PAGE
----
Let me Google that for you:

"observing a phenomenon will change its outcome" - Google Search

or go straight to:

Heisenberg uncertainty principle

LOL! 02-21-2010 08:16 AM

I guess Disney has a patent in the US on fake villages, so the cruise lines must go off shore to have their own fakes?

The Somali pirates need a marketing person to help them: Visit Pirates' Island in the Aden Gulf! Authentic Pirates! Real Ransoms!

CuppaJoe 02-21-2010 09:27 AM

Quote:

Originally Posted by audreyh1 (Post 906439)
Does someone really go on a cruise to get a "foreign experience"?
....

Quote:

Originally Posted by REWahoo (Post 906459)
Daily maid service, a wide variety of food available 24 hours a day, multiple forms of entertainment, someone to bring you drinks anytime you want - yeah, that's definitely a "foreign experience" for this old boy. :coolsmiley:

My two cent observation: Iíve never cruised but seems to me that the people I know who do, do it for the social/bonding experience with friends and relatives. Itís especially nice for women who can get away without having to create the experience as they do for Christmas, Thanksgiving, etc. Some of them use the experience to drink and bond that way. A friend complained that when the ship docked, she was the only one interested in exploring the shoreside tour which presumably was about foreign history, etc., apparently the others were hung over and disinterested in taking a hike and hearing some Spanish. I know many people who can count the number of cruises theyíve done with particular groups of friends/relatives. Five, six, or more. Princess Cruises, indeed.

In my own experience some of my fondest memories of traveling with friends/relatives was the bonding that happens over morning coffee and newspapers while waiting for everyone to get together to go somewhere or get back to the airport. The Disneyland Hotel pool area was particularly nice for that.

Moemg 02-21-2010 11:07 AM

I've cruised at least a dozen times . I really don't mind the fake beaches in the Bahamas that the ships bring in a picnic lunch to . It's usually a nice beach day . I did think Costa Maya was pretty awful . It is totally void of any Mexican experience unless you consider Taco Bell Mexican . I enjoy cruises as one of the ways to vacation and living in Florida you get incredible deals . I agree with Cuppa Joe . It's a great way for family bonding because all the work is done by someone else . I've taken several cruises with my daughter and those memories are priceless .

Meadbh 02-21-2010 11:49 AM

Quote:

Originally Posted by Danmar (Post 906524)
Interesting story Nords. Reminds me of the scientific principle "the very fact of observing a phenomenon will change its outcome". Forgotten what they call this but seems to apply to cruises and the concept of authenticity. Been on many cruises ( starting one next weekend) and they totally change (not for the better) the local destinations. A good example are the "colombian emerald stores" in Alaska.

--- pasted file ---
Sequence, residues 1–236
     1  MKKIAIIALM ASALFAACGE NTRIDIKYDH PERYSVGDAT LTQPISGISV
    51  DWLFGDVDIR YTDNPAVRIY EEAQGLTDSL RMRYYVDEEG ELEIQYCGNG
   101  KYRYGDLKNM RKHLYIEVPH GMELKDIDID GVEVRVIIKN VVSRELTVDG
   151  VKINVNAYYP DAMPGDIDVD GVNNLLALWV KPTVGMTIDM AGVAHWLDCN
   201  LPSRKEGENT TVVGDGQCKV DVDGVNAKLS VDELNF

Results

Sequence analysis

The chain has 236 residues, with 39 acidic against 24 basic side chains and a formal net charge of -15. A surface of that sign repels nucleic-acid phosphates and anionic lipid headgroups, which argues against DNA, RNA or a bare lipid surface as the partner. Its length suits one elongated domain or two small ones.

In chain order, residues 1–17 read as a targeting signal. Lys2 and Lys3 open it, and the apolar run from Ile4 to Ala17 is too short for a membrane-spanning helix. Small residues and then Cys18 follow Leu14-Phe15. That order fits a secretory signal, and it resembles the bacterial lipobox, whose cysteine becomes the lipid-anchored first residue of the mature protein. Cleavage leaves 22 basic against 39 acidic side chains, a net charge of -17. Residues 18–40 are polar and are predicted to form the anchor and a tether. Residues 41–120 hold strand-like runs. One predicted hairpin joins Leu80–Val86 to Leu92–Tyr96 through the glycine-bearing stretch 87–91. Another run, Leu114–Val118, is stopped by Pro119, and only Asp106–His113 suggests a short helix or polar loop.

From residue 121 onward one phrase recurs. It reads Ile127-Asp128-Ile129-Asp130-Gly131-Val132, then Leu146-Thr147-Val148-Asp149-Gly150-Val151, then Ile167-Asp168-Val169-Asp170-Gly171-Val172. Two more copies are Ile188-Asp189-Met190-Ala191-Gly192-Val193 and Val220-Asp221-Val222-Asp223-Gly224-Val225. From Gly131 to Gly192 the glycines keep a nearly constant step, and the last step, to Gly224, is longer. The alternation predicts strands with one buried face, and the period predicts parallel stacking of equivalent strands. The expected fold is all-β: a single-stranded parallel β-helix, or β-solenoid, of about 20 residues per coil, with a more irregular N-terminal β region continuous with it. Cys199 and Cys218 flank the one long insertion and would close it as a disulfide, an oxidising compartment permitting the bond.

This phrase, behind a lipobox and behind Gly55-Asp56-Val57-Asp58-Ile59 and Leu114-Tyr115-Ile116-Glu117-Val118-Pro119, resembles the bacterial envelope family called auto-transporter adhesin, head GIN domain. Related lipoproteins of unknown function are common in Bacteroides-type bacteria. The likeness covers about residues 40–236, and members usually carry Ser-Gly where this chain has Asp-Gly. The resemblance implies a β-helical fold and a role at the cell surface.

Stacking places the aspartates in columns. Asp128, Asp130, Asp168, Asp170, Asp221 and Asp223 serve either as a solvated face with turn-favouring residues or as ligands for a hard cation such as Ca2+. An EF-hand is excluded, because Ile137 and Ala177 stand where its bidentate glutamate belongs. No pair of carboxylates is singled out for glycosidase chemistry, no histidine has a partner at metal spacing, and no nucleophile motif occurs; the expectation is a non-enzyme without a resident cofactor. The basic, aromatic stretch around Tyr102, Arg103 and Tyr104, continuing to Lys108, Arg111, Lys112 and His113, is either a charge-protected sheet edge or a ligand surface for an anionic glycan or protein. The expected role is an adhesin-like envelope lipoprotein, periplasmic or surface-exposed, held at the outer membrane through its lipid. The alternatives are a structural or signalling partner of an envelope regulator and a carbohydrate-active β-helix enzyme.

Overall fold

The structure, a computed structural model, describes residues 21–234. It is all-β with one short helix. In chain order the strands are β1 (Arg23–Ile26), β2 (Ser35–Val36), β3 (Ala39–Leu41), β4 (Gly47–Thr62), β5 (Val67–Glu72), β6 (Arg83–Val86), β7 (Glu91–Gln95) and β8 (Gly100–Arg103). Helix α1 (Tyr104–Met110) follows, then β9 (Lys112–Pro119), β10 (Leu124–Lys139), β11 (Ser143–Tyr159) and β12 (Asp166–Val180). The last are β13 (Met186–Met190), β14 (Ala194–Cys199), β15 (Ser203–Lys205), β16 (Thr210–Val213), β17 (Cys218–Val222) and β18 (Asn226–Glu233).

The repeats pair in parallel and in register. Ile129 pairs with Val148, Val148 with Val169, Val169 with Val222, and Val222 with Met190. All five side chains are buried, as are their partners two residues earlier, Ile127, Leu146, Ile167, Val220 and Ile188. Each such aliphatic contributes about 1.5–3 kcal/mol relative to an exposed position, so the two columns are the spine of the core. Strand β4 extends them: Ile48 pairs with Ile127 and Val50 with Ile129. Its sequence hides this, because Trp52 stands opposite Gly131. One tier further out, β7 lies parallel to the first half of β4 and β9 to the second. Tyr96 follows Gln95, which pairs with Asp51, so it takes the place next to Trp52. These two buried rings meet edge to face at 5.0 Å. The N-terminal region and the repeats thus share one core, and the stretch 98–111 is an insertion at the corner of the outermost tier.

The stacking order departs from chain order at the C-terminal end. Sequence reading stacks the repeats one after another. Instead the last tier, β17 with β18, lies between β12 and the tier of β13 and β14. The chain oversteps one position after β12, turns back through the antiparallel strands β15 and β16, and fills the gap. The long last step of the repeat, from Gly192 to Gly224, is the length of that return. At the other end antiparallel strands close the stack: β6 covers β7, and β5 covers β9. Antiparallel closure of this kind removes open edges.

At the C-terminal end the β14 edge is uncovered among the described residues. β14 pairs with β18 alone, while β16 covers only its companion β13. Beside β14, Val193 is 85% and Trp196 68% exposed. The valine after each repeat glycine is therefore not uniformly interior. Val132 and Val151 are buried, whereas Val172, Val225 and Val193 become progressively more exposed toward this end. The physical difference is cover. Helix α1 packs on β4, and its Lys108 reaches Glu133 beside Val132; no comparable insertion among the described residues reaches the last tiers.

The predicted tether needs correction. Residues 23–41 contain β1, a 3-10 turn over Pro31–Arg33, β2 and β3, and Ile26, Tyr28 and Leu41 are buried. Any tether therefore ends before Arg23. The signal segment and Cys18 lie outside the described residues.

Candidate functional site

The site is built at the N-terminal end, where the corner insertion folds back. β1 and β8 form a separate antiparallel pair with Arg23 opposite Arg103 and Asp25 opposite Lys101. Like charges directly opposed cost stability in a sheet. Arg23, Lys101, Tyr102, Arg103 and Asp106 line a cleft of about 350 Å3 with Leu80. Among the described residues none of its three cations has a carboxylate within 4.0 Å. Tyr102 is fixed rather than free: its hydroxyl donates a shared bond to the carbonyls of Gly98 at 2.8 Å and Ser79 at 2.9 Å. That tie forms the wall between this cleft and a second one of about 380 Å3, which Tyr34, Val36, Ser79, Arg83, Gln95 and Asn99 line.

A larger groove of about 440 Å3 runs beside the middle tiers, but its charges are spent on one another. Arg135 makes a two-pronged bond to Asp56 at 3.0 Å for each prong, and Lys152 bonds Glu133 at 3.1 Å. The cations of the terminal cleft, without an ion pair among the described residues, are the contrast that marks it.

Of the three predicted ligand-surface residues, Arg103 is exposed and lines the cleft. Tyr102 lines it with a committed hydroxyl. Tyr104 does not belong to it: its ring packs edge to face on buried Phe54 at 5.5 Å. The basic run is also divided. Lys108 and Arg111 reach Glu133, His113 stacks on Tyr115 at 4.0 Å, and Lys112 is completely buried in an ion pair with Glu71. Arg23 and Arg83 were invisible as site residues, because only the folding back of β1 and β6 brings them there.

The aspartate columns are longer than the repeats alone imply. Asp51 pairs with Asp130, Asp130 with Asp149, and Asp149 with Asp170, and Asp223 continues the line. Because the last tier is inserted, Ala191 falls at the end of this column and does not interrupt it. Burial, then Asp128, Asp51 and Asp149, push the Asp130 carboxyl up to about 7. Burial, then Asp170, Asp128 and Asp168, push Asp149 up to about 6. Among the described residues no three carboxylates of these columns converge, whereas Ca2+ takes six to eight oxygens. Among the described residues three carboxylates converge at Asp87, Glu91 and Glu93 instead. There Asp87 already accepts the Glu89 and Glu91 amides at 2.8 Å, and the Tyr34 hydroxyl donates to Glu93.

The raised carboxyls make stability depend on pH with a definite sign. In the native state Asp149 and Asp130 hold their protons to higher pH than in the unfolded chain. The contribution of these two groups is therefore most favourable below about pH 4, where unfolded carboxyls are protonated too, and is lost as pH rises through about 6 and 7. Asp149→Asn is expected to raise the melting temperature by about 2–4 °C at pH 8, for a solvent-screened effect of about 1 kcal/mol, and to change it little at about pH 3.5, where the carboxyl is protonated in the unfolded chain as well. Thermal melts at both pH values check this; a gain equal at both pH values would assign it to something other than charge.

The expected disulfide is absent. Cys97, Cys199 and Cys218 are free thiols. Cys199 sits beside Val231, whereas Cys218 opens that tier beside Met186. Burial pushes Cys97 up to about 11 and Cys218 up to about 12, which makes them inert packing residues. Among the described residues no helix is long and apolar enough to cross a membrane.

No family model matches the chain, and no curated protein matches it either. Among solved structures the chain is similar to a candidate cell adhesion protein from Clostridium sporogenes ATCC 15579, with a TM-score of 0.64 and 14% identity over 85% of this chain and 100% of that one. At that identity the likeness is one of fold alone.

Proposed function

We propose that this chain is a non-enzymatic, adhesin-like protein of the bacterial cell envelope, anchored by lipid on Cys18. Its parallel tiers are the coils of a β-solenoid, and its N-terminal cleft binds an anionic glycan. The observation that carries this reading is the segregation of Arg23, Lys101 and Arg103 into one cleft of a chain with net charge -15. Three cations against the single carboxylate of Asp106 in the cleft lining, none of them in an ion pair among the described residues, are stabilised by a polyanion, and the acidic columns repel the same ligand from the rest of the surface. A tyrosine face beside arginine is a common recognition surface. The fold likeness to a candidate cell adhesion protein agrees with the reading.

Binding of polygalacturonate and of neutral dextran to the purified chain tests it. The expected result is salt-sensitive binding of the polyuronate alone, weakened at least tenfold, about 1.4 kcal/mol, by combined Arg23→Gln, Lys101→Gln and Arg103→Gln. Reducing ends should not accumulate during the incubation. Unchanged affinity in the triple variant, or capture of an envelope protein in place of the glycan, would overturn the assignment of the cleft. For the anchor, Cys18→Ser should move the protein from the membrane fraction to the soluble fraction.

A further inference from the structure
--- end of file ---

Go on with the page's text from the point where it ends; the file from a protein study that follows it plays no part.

The Hawthorne effect, well known to scientific researchers and quality improvement people:
Hawthorne effect - Wikipedia, the free encyclopedia

Rustic23 02-21-2010 12:23 PM

We are headed to the Caribbean next Sunday. I don't mind the 'plastic' at all. We are going out of Galveston for a week. We have done the Caribbean twice. For us, cruise is less than $1,000. No air fair. As said before, 7 days to pig out, and enjoy the sun with no cares.

Danmar 02-21-2010 02:58 PM

I thought it might have been the Heisenberg Uncertainty Principle but wasn't sure. I had never heard of the Hawthorn effect but it fits the situation as well.

freebird5825 02-21-2010 07:13 PM

I've been lucky enough to go on 5 cruises - 3 Caribbean, 1 to Alaska, and 1 to the Mediterranean. I am a lazy traveler...my idea of vacation is to show up at the airport, board the ship, and then do whatever floats the boat. ;)
I think too much when on shore, so when I "go to sea", thinking needs to be very simplistic. I do not run around trying to make every single scheduled event. I find the pool, the least used food areas, keep my onboard card with me, and relax. ;D I love the ocean and get a lot of enjoyment just watching the waves go by. :blush:

As always, to each their own...:flowers:

travelover 02-22-2010 06:08 AM

Quote:

Originally Posted by Danmar (Post 906633)
I thought it might have been the Heisenberg Uncertainty Principle but wasn't sure................

You mean you were uncertain? :laugh:

FUEGO 02-22-2010 08:32 AM

Taking a 7 day Caribbean cruise is probably the wrong format if you are trying to "go local", mingle with the natives, and spend time in the country you are visiting. From the 2 cruises I have taken, on the mass market cruise ships you have roughly 6-8 hours of actual time in port in general. You can do an excursion or two. Not a lot of time in other words.

We did actually "go local" a little while on St Martin/Maarten. Took a little combi/collectivo type of volkswagen minibus from the port in the dutch side across the whole island to the french side. We sat next to mostly locals. Walked around the French side's port, did a little shopping, and it was time to go. On the return trip, the bus was full of local school children who had just been let out of school. But that is about as local and real as you can get in a typical 8 hr port visit.

We liked the private island on Norwegian in the Bahamas. No touts selling tours, knick knacks, etc. I at least perceived the private island to be safer from threats of petty left and pickpocketing. It was just a nice day at the beach with music, bbq food, dancing, sun, sand. In December, with two very young kids and some older relatives. We left the cruise ship in a tender boat/ferry type vessel, and disembarked directly onto the beach where we relaxed all day.

From our limited experience cruising, we pretty much determined that the ports of call were of secondary importance. The ship amenities, departure port, and price were of primary importance. Cruising is a good way to get a glimpse at a local destination that you may not want to spend a whole week at otherwise.

Bestwifeever 02-22-2010 08:32 AM

I enjoy going on a cruise but cruise ship destinations haven't been about the destinations in a long time. When we want to visit another country we make a trip to that country.